His first throw was a no-throw and he could only muster feeble attempts of 16.70m and 18.05m with his second and third attempts. The 19-year-old junior star missed the cut for the top eight and was forced to leave the arena after three throws.

Little known Ratcliffe formally announced herself to the New Zealand sporting public this morning with a silver medal in the women's hammer throw.

From the moment the 21-year-old Princeton University student, who hails from Hamilton, strode into the circle for the first time, she looked calm and composed and her early marker of 68.35m set the tone for a top evening of throwing.

She was second after the first round and she remained second throughout the final. She never looked like dropping that position; the only question was whether she could eek out an extra metre to challenge for gold.

That would be asking too much, as the No 1 ranked thrower in the Commonwealth, Canadian Sultana Frizell, stamped her mark on the final with three throws over 70m. Ratcliffe's best was her third, 69.96m, 2m shy of Frizell's 71.97m.


Nikki Hamblin roared into contention for a third Commonwealth Games medal today when qualifying second fastest for tomorrow's women's 1500m final.

The Delhi silver medallist in the 800m and 1500m, who missed the London Olympics to undergo major surgery on both heels, clocked a season's best time of 4min 05.08sec. She finished second in heat one to fastest qualifier Hellen Obiri (Kenya) who ran a Games record 4:04.13.

London Olympian Lucy van Dalen was 14th fastest and missed qualifying for the final.

It was a disappointing opening day for New Zealand's two decathletes, with Delhi silver medallist Brent Newdick 11th at the halfway point while Scott McLaren withdrew.

McLaren was struggling with an ongoing left heel injury throughout the day, and in warmups for the 400m it didn't feel right so he pulled the pin.


Boyle claimed silver in the final of the women's 800 metres freestyle event in Glasgow this morning after one of the most dramatic races of the Commonwealth Games.

The 26-year-old went head-to-head for 650 metres of the final against eventual winner Jazmin Carlin of Wales.

Carlin's winning time of eight minutes 18.11 seconds was 2.28s quicker than Boyle, with Canada's Brittany Maclean a close-up third in 8:20.91,

It was New Zealand's second swimming medal in Glasgow, following on from Sophie Pascoe's victory in the 100m breaststroke SB9 final yestrerday.

Virtually nothing separated Carlin and Boyle for the first two-thirds of the race - Carlin was just .03 seconds ahead at the midway stage, while Boyle led by 0.01s with 300m to swim.

"I knew it was going to be a pretty tight race - she's been swimming really fast all year so I knew she'd be really strong tonight," Boyle said after her medal ceremony.

Carlin, Boyle and Maclean will meet again in the 400m tomorrow on the final day of the swimming programme, along with Australia's Bronte Barratt.

Kiwi backstroker Corey Main was fourth in the 200m backstroke final.

Main, who finished sixth in the 100m final earlier in the meet, led over the first half of the race but couldn't hold on to a podium place over the last 50 metres.

Glenn Snyders was the third Kiwi scheduled in a final on the penultimate day of swimming in Glasgow and he came agonisingly close to giving the Kiwis the third medal of the meet.

The 27-year-old was fifth in the men's 50m breaststroke in 27.53 seconds; just 0.07s off the bronze medal time of Australia's Christian Sprenger.


Joelle King completed a pleasing set of Games medals today with a bronze in the women's singles.

King dominated throughout a three-set victory over Waters in o collect her third Games medal in as many different disciplines after winning gold and silver in the women's doubles and mixed doubles respectively at Delhi four years ago.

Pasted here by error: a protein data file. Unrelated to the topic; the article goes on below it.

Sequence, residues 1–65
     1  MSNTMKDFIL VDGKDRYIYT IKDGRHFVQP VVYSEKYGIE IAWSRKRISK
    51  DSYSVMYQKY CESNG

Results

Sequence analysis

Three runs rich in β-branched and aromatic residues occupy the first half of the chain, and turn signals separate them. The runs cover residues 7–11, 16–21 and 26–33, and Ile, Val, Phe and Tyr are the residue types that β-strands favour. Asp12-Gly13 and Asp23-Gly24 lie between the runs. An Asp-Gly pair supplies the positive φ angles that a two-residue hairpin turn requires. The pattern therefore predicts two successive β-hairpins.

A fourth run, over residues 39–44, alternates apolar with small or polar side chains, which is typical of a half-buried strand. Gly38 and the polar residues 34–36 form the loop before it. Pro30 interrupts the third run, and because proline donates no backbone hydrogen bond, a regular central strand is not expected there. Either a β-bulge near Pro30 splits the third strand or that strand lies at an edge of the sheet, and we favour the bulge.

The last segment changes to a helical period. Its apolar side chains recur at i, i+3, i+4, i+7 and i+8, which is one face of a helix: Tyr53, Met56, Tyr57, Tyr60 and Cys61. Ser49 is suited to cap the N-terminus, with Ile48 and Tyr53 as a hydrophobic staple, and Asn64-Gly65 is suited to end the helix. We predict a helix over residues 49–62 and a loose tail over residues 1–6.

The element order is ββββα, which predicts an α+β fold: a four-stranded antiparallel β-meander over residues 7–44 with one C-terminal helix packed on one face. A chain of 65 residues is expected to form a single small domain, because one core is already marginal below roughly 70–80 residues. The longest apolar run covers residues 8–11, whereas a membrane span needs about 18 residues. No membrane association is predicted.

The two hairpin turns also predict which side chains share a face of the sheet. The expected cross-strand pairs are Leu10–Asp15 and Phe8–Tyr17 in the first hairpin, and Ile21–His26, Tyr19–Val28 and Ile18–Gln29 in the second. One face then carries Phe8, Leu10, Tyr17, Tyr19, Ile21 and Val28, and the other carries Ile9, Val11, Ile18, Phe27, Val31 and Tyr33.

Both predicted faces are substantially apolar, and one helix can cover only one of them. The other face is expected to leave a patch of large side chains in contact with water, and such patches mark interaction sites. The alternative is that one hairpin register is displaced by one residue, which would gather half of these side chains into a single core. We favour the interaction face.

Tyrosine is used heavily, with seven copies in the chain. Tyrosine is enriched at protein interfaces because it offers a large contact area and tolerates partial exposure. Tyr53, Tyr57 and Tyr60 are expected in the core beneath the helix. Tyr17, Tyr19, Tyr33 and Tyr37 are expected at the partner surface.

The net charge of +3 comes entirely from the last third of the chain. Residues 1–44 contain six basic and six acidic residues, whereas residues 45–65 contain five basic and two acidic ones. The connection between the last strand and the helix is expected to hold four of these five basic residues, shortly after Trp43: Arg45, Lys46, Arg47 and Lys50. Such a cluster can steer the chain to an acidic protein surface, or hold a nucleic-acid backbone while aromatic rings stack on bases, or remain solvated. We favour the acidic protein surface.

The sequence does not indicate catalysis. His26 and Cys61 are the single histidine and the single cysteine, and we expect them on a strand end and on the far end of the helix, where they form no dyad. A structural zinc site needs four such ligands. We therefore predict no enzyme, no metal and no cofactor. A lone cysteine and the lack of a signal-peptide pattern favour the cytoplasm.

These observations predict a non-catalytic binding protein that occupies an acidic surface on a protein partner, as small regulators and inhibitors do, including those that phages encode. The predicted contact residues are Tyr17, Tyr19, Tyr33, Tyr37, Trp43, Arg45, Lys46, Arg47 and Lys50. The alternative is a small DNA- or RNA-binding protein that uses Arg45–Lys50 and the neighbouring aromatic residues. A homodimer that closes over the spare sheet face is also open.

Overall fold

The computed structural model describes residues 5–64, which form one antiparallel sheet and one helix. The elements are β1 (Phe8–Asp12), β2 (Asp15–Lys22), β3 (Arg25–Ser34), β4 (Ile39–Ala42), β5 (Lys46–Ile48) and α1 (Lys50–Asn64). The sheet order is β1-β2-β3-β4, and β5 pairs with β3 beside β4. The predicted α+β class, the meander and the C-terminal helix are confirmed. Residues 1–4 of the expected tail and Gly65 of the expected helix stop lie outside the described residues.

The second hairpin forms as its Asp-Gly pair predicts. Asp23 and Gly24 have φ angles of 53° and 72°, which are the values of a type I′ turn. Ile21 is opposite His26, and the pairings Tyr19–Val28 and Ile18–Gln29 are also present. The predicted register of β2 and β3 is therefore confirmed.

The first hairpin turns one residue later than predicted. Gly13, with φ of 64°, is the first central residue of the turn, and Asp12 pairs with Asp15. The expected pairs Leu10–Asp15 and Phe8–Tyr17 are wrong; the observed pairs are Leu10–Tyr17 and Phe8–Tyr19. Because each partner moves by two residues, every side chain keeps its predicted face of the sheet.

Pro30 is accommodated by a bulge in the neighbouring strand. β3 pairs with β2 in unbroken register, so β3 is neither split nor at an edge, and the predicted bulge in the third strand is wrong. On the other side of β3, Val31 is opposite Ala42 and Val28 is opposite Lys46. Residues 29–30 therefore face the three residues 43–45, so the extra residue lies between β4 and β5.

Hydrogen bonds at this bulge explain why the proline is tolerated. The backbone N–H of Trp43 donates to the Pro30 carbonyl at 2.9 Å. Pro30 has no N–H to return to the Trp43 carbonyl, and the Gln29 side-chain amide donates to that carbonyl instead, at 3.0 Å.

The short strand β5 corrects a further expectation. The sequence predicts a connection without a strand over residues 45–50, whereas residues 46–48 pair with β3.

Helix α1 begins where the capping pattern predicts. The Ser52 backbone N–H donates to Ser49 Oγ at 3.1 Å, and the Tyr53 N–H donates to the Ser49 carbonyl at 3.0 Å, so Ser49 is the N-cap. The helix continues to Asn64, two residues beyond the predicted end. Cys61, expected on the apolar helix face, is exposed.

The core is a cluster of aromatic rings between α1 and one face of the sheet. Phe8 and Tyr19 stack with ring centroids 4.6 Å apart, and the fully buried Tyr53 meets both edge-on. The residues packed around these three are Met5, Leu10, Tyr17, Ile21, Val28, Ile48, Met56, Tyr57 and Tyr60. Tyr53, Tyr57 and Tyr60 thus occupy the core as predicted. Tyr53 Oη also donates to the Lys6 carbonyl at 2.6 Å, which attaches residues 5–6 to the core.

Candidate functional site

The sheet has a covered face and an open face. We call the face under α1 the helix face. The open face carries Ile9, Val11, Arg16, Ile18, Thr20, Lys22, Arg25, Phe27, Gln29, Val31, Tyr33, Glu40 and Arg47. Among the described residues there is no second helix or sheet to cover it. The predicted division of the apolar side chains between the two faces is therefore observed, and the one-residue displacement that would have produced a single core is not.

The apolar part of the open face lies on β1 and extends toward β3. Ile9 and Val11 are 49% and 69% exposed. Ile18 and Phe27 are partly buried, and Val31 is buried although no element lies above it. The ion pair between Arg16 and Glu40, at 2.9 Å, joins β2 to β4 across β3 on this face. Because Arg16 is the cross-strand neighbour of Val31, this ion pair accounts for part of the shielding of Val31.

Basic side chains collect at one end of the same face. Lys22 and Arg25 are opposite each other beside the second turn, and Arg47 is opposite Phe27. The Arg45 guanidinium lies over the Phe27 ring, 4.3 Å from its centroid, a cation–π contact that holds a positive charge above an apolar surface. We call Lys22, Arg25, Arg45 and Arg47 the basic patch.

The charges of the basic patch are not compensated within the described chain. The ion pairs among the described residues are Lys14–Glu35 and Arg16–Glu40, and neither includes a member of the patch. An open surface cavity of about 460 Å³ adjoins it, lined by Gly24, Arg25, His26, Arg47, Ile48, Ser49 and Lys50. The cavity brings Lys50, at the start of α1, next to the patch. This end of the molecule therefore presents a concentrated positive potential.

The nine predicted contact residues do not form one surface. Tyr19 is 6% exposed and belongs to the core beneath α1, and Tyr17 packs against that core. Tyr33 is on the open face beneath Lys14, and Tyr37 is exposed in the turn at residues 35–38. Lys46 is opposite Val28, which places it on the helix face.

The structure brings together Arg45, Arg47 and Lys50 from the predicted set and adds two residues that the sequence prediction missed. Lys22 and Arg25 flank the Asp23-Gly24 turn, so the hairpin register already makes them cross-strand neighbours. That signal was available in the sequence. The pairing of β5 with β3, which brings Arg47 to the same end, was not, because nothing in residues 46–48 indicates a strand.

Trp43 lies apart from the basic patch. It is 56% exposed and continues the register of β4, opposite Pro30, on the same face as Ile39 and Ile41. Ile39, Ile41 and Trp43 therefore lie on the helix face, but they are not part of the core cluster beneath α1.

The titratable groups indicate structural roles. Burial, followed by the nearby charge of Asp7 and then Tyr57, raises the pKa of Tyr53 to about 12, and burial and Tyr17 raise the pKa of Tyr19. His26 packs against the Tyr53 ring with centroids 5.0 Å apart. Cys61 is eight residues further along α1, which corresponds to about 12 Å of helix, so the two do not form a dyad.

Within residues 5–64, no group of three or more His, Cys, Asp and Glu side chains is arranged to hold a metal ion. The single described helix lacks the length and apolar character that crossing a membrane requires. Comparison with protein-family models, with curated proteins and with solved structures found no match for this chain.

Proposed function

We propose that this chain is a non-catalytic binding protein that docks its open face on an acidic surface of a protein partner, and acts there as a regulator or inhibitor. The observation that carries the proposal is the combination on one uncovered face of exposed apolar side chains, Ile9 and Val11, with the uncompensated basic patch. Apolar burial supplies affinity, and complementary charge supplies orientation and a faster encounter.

"Obviously it would have been great to have a gold, but I'm just happy to have a medal," King said following her 11-7 11-7 11-5 win at Scotstoun.

"All week I've actually played some pretty good squash."

King will be back in action tomorrow as she still has women's and mixed doubles duties, with her and Martin Knight among the favourites in the mixed event.


The Black Sticks women's hockey team produced a gritty performance to beat South Africa 2-1 and take control of their pool.

This was a crucial top of the table match in Pool A and the performance of both teams reflected that in an end to end affair.

Both teams scored from penalty corners in the first half and New Zealand skipper Kayla Whitelock initiated the decider with a wonderful counterattack finished by Krystal Forgesson in the 17th minute of the second half.

With Australia beating England 3-nil earlier in the day to take control of Pool B, this was a vital win for New Zealand to try to avoid their trans-Tasman rivals in the looming semifinals.

New Zealand wrap up their pool play with a game against Canada on Thursday.


The Duke and Duchess of Cambridge and Prince Harry arrived at the boxing just in time to see West Coaster Bowyn Morgan continue New Zealand's good run in the ring.

Morgan beat Botswana's Mmusi Tswiige in a 2-1 split decision to make it two wins from two in the welterweight division at Glasgow, joining fellow Kiwis David Nyika (light heavyweight), David Light (heavyweight), Chad Milnes (lightweight) and Leroy Hindley (light welterweight) in the quarterfinals.

Middleweight Eric Finau couldn't join the quintet, losing his round of 16 match 3-0 to South African Siphiewe Lusizi.


Men's gymnastics coach David Phillips was satisfied with his team's performance at the halfway stage of the two-day teams event, with the Kiwis lying seventh.

England were first, ahead of Scotland and Canada.

"It was a solid day, unfortunately we had to count a couple of routines that weren't strong routines, but we didn't have to count too many falls," Phillips said.

"We are in striking distance for day two. Day two is our three strongest events so I'm not disappointed at all really.''

New Zealand were also seventh after the first day of qualification in the women's artistic teams gymnastics competition.

Missing star performer Courtney McGregor, who suffered a knee injury two days ago and had to pull out of the Games, the Kiwis fell behind with England, Australia and Wales holding the top three spots midway through the competition.

The teams event finished tomorrow, with the top 24 men's and women's gymnasts advancing to the individual all-around competition, and the top eight individuals in each apparatus competing for medals.


There was more good news today for New Zealand from the leafy setting of the Kelvingrove Lawn Bowls Centre.

The women's pairs combination of Jo Edwards and Val Smith beat Kenya 21-14 to remained unbeaten in section B, while the Mandy Boyd-skipped women's triple had a 21-7 victory over the Cook Islands.

Shannon McIlroy beat Northern Ireland's M McHugh to remain at the top of section C in the men's singles, while the men's four drew 14-14 with Malaysia and the para-sport open triples team edged Australia 11-8.